Millennials and Philanthropy
MILLENNIALS AND PHILANTHROPY
by Mansi Kotak
Published: 27th December 2016
A recent article in the Huffington Post stated that the top reason for millennials supporting a charity is considered passion. In a generation that is driven by this word, it is not unusual that what we believe important is not limited to personal growth; but also that of our immediate and larger communities. And with the internet (especially social media) making it ever so easy to become involved with charitable causes we believe in, philanthropy has become simpler and achievable than ever.
But what does that really involve? Other than giving a small chunk of their earnings to these causes, millennials are increasingly willing to lend their skills and invaluable time to be a part of social development. And this, perhaps, stems from the belief that we need to stop complaining about status quo and comparing ourselves to others and become active participants of the change we truly wish to see.
That begs the question: what is the best way to make this change? How can we make this change sustainable? Yes, let’s do something to feed the street children, but let’s go the extra mile and find a way to help rehabilitate them. Let’s start feeding programmes in schools in the rural areas, but let’s not make them dependent on us. Let’s give the school part-ownership of the project until they can self-sustain a feeding programme on their own.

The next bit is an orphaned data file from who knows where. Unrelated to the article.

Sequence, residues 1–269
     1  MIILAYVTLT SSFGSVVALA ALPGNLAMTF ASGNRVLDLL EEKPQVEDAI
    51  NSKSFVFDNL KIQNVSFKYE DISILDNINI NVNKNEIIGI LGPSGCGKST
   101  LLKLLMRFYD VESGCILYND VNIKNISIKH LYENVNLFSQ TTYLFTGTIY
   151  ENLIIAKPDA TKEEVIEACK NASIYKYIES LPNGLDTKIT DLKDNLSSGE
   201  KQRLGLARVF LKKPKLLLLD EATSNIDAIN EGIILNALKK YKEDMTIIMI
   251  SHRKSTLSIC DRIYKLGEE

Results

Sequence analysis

It is no surprise therefore that many millennials are opting to give up on promising careers in the corporate world to become a part of start-ups that are not necessarily technologically driven. Social Entrepreneurship has become a popular option for millennials who felt unsatisfied with their jobs and want to become active catalysts of change.
The Rahul Kotak Foundation, is a Kisumu-based NGO that was started on these values. As a team, we are focused on helping alleviate short-term problems faced by disadvantaged children, but we are also keen on starting projects whose ownership will eventually be passed on to the direct beneficiaries of it.